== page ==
Girls, Girls, Girls: The List by Sibohan Vivian

Confession: I have this perverse fascination with popular girls. It’s a total love-hate thing. I grew up in a small town and graduated with the same fifty kids I started kindergarten with, give or take a few, so we didn’t have the same kind of cliquishness you see on Mean Girls, but it still existed.  The concept of The List by Sibohan Vivian intrigued me because I’d seen it happen before; my school had that kind of a tradition.

An intense look at the rules of high school attraction — and the price that’s paid for them.

It happens every year. A list is posted, and one girl from each grade is chosen as the prettiest, and another is chosen as the ugliest. Nobody knows who makes the list. It almost doesn’t matter. The damage is done the minute it goes up.

This is the story of eight girls, freshman to senior, “pretty” and “ugly.” And it’s also the story of how we see ourselves, and how other people see us, and the tangled connection of the two.

The story delivers on it’s promise. To say that it’s smarter than Laguna Beach or The Hills is true but misleading. It has all the voyeuristic appeal of those reality TV style, without such terrible dialogue.

Because the book follows eight girls who mostly have forgettable names, I did have a hard time keeping track of them. Though a handy who’s who list is included in the front of the book, it was annoying to have to constantly refer to it (and it’s not like I was just being forgetful; I read this over the course of two days).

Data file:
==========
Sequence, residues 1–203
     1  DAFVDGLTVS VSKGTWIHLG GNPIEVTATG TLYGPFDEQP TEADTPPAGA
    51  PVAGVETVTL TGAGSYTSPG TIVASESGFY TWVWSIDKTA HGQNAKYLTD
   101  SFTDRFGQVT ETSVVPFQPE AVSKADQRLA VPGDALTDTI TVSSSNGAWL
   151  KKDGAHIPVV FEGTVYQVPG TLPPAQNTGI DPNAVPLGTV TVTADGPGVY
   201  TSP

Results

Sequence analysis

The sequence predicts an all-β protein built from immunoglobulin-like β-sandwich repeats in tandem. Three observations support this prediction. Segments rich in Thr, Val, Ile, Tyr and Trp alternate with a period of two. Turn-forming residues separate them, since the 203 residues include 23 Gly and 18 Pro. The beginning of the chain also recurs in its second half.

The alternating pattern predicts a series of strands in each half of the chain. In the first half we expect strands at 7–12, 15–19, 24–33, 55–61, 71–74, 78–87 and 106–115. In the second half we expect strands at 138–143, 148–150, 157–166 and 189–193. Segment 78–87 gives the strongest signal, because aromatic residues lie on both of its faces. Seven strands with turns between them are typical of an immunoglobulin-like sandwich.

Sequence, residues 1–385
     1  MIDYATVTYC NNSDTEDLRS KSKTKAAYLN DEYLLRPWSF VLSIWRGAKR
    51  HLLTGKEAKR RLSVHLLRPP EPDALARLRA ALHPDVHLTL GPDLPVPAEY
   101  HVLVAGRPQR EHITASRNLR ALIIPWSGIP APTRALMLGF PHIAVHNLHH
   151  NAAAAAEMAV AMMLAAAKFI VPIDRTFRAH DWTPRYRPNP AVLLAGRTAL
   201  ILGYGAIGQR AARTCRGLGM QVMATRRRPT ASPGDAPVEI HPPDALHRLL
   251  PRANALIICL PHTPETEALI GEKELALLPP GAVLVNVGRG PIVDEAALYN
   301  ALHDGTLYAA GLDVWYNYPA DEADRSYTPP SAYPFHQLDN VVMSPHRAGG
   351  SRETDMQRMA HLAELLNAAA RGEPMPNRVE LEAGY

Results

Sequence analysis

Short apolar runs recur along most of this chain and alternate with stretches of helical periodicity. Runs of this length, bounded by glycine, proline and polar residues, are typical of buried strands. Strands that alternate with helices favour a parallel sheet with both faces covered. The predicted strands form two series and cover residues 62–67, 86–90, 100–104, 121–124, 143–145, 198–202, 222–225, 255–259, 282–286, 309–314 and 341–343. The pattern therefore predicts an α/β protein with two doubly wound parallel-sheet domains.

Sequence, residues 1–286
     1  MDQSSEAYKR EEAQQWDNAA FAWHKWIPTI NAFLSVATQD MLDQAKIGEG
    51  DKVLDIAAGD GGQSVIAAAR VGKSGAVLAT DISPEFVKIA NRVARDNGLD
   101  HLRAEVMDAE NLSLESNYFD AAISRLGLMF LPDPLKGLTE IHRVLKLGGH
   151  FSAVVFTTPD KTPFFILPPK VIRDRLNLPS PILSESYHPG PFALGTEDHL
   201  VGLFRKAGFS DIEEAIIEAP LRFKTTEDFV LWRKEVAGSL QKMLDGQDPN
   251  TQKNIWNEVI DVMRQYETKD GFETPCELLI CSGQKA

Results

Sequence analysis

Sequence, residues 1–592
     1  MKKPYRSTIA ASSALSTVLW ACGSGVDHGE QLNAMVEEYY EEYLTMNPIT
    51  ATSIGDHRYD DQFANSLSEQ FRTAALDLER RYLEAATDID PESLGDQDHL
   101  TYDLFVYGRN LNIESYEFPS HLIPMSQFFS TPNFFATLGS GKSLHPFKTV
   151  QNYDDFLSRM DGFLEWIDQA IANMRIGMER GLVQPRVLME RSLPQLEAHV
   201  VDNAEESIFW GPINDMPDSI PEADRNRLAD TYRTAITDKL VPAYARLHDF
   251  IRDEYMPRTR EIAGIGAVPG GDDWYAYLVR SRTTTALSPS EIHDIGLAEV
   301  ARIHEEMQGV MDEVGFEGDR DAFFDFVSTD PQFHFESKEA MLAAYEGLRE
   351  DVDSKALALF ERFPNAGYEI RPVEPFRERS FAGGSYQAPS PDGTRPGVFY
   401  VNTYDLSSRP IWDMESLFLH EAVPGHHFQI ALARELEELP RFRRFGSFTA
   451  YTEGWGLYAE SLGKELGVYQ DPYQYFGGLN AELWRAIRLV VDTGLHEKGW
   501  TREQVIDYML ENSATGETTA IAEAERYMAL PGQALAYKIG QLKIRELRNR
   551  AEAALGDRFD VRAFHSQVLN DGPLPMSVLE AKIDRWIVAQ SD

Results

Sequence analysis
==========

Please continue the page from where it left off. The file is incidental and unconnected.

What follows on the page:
The very distant omniscient third person narrator was almost spooky. I didn’t like the judgements passed on the girls and thought it resulted in a lot of telling rather than showing. Flashbacks were, however, used very effectively and were easy to follow.

The novel suffers from some usual problems in contemporary YA fiction: conveniently absent parents, total middle class whiteness, and shallow conflict. Luckily, the writing was compelling enough to keep me reading despite the flaws.

I was surprised by the end, which did have a nice twist. Had the mystery been more of an issue in the beginning of the novel, it would have been more suspenseful.

Overall, this isn’t something that I’m particularly proud to have read, but I do feel I now know the type of reader who might enjoy it. The morning after I finished it I was able to put it in the hands of a girl who had a very specific request for just the type of third person following multiple characters kind of book. It’s nice to read something in contemporary that doesn’t entirely focus on a romance, so I’m happy to add it to my list of books about girls that don’t revolve entirely around boyfriend troubles.

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